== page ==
Segments in this Video

Introduction: Glass Now (01:41)


This video will profile the eight finalists for the Jerwood Applied Arts Prize in 2003. Top glass blowers combine cutting edge technology with traditional skills.

Colin Rennie (05:51)

Hot glass is alive and provides feedback. Glassblowers should draw inspiration from fine arts and sculpture. Rennie likes to create pieces where tension exists between the organic and the mechanical.

Angela Jarman (06:07)

Jarman describes her transition from making work that is intrinsically disgusting to emphasizing mutations and genetic modification. Cracks in the glass can be the fault of the glass or from the caster's manipulation. Jarman uses black glass to highlight the internal texture of a piece.

Katharine Coleman (06:14)

Glass engraving is an intimate and private art. Coleman describes her interest in optical illusions and how her work become increasingly abstract. She uses carborundum grit, oil, and paraffin as the cutting medium.

Matthew Durran (07:03)

Glass should create unexpected things. Durran discusses being inspired by a colleague's work deconstructing Francis Bacon's studio. Equipment can sometimes dictate the completed piece.

Alexander Beleschenko (07:37)

Beleschenko describes how commissions vary and his creative process. Architectural glass is dependent on the whims of a building's inhabitants. A plotter cuts out a mask to be applied to the glass.

Helen Maurer (07:43)

Maurer gathers inspiration from collected images and looks for common themes. Antique glass can appear streaky and have more texture. "Under Wood Over Head" draws upon memories of coastal areas from her childhood.

Koichiro Yamamoto (06:52)

Yamamoto describes how he transitioned from industrial design to glass casting and his creative process. His work does not have a function but looks functional. The artist prefers transparent glass without color.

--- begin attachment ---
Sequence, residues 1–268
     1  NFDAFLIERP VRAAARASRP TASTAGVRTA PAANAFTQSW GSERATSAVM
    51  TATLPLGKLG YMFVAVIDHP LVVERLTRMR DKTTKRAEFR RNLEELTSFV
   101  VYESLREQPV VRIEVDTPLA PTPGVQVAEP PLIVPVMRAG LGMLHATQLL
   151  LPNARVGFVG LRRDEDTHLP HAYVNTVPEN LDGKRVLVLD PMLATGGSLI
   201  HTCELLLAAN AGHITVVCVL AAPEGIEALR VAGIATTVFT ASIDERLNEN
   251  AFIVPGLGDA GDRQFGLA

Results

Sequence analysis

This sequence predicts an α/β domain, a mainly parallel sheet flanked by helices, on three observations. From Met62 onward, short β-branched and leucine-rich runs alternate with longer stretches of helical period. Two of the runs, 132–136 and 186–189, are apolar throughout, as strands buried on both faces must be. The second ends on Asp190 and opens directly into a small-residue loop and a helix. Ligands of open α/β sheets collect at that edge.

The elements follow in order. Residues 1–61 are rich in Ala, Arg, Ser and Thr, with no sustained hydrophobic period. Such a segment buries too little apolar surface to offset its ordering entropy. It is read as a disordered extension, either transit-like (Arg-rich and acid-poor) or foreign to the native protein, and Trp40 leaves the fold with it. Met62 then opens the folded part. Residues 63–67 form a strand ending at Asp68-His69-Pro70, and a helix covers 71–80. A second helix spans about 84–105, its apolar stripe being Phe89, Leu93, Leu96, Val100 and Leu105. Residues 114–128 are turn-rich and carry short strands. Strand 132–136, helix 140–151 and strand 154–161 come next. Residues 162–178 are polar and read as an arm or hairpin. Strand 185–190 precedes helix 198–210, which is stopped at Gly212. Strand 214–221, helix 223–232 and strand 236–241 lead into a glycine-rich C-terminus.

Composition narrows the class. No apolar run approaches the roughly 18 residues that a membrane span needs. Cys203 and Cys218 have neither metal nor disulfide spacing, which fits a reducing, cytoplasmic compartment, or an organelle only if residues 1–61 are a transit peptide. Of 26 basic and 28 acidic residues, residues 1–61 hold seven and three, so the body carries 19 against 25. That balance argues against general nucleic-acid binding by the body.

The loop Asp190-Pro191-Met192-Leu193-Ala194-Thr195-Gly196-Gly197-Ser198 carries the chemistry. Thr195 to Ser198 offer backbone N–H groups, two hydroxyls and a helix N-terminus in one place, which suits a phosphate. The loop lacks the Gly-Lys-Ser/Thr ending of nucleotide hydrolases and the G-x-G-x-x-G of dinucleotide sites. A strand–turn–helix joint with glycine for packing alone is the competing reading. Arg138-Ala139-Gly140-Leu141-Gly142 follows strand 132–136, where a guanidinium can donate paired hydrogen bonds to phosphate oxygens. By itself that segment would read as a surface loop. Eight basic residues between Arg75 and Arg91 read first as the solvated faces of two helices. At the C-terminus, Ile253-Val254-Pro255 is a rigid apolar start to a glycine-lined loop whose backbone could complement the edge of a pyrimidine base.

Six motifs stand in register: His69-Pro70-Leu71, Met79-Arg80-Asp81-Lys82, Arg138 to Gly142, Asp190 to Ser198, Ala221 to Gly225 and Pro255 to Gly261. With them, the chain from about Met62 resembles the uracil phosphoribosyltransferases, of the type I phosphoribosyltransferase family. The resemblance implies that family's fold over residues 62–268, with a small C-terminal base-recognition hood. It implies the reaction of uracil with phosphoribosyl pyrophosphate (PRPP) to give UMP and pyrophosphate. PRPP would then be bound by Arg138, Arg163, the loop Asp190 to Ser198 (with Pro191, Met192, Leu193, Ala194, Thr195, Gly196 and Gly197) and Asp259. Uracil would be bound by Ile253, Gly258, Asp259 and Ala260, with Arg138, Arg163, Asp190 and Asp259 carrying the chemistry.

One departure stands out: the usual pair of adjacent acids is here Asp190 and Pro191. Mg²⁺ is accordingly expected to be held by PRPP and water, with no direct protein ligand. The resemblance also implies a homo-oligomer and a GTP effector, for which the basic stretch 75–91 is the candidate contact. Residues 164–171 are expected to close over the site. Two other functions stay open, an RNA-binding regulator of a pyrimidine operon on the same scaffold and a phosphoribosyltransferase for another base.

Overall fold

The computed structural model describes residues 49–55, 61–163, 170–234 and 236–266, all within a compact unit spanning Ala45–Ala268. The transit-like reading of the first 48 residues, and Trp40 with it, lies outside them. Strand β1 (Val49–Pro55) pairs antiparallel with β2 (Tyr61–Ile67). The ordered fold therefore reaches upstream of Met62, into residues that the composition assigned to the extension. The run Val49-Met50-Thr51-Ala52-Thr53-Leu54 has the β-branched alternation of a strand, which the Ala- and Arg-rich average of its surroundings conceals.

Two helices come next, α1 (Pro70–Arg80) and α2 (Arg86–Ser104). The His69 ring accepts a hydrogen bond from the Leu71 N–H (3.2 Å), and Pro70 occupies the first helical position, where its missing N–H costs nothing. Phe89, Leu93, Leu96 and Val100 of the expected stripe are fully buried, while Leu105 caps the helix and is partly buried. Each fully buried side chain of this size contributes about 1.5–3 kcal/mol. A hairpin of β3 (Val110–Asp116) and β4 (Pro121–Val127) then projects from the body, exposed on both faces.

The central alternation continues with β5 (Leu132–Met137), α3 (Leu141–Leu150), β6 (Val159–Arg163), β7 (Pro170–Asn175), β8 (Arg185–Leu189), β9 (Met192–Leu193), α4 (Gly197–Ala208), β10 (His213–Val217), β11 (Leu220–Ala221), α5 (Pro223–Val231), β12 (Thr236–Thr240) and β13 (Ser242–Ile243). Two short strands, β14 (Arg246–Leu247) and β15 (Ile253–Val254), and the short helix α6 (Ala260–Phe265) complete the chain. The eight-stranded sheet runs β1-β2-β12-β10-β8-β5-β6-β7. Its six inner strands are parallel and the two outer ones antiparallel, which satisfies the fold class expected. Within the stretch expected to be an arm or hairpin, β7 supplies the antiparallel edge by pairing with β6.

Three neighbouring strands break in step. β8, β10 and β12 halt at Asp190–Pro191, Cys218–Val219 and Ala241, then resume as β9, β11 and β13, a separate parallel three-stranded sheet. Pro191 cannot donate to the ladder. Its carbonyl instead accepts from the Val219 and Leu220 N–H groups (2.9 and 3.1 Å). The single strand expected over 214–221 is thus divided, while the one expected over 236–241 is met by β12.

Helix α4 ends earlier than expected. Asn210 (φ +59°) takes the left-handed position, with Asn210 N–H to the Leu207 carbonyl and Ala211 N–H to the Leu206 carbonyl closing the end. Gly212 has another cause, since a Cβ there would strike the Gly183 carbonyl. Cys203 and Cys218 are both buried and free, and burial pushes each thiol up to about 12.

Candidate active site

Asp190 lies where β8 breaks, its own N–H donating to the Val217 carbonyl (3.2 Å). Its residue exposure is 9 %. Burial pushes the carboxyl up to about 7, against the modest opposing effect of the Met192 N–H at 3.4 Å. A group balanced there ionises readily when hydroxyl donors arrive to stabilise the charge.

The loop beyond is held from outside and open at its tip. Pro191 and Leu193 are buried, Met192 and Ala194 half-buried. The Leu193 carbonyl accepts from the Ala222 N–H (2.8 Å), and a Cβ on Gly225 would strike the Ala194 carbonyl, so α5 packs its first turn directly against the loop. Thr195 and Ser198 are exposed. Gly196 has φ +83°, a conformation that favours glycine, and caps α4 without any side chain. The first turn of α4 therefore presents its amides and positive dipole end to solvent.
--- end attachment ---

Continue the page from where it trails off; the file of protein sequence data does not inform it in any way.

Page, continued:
Amber Hiscott (06:20)

Hiscott never repeats herself; she lives in Wales. It is difficult for viewers not to notice a piece of art that affects the space. Hiscott achieves incredible colors by placing mouth-blown glass in layers.

Credits: Glass Now (00:23)

Credits: Glass Now

For additional digital leasing and purchase options contact a media consultant at 800-257-5126
(press option 3) or

Glass Now

DVD (Chaptered) Price: $169.95
DVD + 3-Year Streaming Price: $254.93
3-Year Streaming Price: $169.95



Glass is a complex and alluring material: solid yet liquid, strong yet fragile, it reflects, refracts and absorbs light. These unique properties are being pushed to the limit by innovative artists in Britain today. Combing traditional techniques with cutting-edge technology, their creations include sculpture, architecture and installations. Glass Now offers an introduction to contemporary glass arts and profiles eight of Britain’s leading glass artists: Alexander Beleschenko, Katharine Coleman, Matthew Durran, Amber Hiscott, Angela Jarman, Helen Maurer, Colin Rennie and Koichiro Yamamoto. Short-listed for the prestigious Jerwood Applied Arts Prize 2003, these artists demonstrate the range, the excitement an the excellence of glass today.

Length: 56 minutes

Item#: BVL194785

ISBN: 978-1-64623-819-4

Copyright date: ©2003

Closed Captioned

Performance Rights

Prices include public performance rights.

Not available to Home Video and Publisher customers.